Corporate Banner
Satellite Banner
Genomics
Scientific Community
 
Become a Member | Sign in
Home>News>This Article
  News
Return

Scientists Discover DNA Damage Occurs as Part of Normal Brain Activity

Published: Thursday, April 04, 2013
Last Updated: Thursday, April 04, 2013
Bookmark and Share
Findings at Gladstone Institutes support strategies to fight Alzheimer’s disease.

Scientists at the Gladstone Institutes have discovered that a certain type of DNA damage long thought to be particularly detrimental to brain cells can actually be part of a regular, non-harmful process.

The team further found that disruptions to this process occur in mouse models of Alzheimer’s disease – and identified two therapeutic strategies that reduce these disruptions.

Scientists have long known that DNA damage occurs in every cell, accumulating as we age. But a particular type of DNA damage, known as a double-strand break, or DSB, has long been considered a major force behind age-related illnesses such as Alzheimer’s.

Researchers in the laboratory of Gladstone Senior Investigator Lennart Mucke, MD, report in Nature Neuroscience that DSBs in neuronal cells in the brain can also be part of normal brain functions such as learning – as long as the DSBs are tightly controlled and repaired in good time. Further, the accumulation of the amyloid-beta (Aβ) protein in the brain – widely thought to be a major cause of Alzheimer’s disease – increases the number of neurons with DSBs and delays their repair, according to Mucke, who directs neurological research at Gladstone and is a professor of neuroscience and neurology at UC San Francisco, with which Gladstone is affiliated.

“It is both novel and intriguing team’s finding that the accumulation and repair of DSBs may be part of normal learning,” said Fred H. Gage, PhD, of the Salk Institute who was not involved in this study. “Their discovery that the Alzheimer’s-like mice exhibited higher baseline DSBs, which weren’t repaired, increases these findings’ relevance and provides new understanding of this deadly disease’s underlying mechanisms.”

DSBs Found in Healthy Brains

In laboratory experiments, two groups of mice explored a new environment filled with unfamiliar sights, smells and textures. One group was genetically modified to simulate key aspects of Alzheimer’s, and the other was a healthy, control group. As the mice explored, their neurons became stimulated as they processed new information. After two hours, the mice were returned to their familiar, home environment.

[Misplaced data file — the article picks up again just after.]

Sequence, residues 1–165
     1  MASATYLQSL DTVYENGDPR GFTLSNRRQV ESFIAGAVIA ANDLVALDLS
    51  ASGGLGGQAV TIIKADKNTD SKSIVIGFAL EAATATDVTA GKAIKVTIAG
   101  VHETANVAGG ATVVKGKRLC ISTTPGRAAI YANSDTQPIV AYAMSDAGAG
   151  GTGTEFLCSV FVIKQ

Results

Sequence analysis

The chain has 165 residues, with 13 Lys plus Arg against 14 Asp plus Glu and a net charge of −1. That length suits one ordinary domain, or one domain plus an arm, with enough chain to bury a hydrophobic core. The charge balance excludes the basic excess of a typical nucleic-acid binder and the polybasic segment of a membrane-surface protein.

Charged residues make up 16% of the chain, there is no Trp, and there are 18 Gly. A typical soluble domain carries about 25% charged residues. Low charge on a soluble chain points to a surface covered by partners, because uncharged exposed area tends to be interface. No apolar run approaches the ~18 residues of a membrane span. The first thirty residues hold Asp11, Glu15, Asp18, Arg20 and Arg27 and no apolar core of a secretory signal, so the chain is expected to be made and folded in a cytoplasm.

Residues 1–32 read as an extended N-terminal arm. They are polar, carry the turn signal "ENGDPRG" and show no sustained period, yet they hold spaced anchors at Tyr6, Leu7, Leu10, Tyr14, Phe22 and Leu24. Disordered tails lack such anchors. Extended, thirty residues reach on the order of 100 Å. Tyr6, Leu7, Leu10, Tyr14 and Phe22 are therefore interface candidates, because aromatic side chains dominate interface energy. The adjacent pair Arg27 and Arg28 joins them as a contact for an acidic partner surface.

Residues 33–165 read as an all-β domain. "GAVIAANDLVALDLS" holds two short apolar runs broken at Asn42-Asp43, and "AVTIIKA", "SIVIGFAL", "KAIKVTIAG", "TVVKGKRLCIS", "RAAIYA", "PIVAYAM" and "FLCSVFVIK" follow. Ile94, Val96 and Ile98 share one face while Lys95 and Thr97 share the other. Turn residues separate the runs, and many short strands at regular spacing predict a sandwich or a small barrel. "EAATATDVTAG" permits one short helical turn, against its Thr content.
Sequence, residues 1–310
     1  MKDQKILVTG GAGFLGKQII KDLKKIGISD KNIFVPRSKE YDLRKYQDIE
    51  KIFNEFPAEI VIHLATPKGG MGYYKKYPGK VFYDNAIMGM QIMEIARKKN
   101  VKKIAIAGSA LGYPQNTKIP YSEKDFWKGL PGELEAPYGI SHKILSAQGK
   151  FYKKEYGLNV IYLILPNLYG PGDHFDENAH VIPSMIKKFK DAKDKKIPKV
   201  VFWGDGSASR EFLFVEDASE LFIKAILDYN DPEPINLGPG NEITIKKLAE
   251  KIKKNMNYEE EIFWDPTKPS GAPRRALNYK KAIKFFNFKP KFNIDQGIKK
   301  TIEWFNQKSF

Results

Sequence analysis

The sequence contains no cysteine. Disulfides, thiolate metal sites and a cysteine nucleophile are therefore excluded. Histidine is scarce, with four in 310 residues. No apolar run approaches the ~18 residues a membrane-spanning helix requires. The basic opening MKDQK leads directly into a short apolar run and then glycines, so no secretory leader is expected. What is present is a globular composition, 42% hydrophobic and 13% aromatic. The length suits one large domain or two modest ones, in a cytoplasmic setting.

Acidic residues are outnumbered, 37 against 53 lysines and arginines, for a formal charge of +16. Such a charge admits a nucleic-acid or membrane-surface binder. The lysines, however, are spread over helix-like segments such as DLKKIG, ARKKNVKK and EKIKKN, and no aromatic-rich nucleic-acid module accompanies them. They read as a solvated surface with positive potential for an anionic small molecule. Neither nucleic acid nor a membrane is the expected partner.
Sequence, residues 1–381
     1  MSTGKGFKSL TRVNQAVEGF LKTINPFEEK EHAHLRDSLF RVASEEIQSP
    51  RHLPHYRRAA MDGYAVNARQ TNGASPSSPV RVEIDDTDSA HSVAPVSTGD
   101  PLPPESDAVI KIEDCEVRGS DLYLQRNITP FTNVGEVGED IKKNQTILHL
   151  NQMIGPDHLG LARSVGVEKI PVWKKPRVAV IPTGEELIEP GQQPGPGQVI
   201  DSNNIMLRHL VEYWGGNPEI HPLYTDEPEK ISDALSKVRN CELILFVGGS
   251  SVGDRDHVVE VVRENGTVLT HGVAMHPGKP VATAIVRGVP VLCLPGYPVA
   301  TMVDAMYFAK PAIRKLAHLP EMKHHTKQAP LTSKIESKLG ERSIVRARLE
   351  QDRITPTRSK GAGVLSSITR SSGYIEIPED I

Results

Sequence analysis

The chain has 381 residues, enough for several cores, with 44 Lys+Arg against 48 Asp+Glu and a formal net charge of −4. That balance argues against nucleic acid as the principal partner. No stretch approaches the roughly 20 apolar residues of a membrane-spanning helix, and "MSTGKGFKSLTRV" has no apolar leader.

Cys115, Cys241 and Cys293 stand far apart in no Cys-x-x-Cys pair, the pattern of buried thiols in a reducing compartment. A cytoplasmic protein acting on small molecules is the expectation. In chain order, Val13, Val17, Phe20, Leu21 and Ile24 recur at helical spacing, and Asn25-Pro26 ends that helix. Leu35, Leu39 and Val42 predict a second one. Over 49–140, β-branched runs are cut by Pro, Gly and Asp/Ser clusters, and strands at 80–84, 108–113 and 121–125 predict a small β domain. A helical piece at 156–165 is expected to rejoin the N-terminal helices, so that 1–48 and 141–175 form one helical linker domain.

The investigators then examined the neurons of the mice for markers of DSBs. The control group showed an increase in DSBs right after they explored the new environment – but after being returned to their home environment, DSB levels dropped.

“We were initially surprised to find neuronal DSBs in the brains of healthy mice,” said Elsa Suberbielle, DVM, PhD, Gladstone postdoctoral fellow and the paper’s lead author. “But the close link between neuronal stimulation and DSBs, and the finding that these DSBs were repaired after the mice returned to their home environment, suggest that DSBs are an integral part of normal brain activity. We think that this damage-and-repair pattern might help the animals learn by facilitating rapid changes in the conversion of neuronal DNA into proteins that are involved in forming memories.”

The group of mice modified to simulate Alzheimer’s had higher DSB levels at the start – levels that rose even higher during neuronal stimulation. In addition, the team noticed a substantial delay in the DNA-repair process.

Restoring Neuronal Communication

To counteract the accumulation of DSBs, the team first used a therapeutic approach built on two recent studies – one of which was led by Mucke and his team – that showed the widely used anti-epileptic drug levetiracetam could improve neuronal communication and memory in both mouse models of Alzheimer’s and in humans in the disease’s earliest stages. The mice they treated with the FDA-approved drug had fewer DSBs. In their second strategy, they genetically modified mice to lack the brain protein called tau – another protein implicated in Alzheimer’s. This manipulation, which they had previously found to prevent abnormal brain activity, also prevented the excessive accumulation of DSBs.

The team’s findings suggest that restoring proper neuronal communication is important for staving off the effects of Alzheimer’s – perhaps by maintaining the delicate balance between DNA damage and repair.

“Currently, we have no effective treatments to slow, prevent or halt Alzheimer’s, from which more than 5 million people suffer in the United States alone,” Mucke said. “The need to decipher the causes of Alzheimer’s and to find better therapeutic solutions has never been more important – or urgent.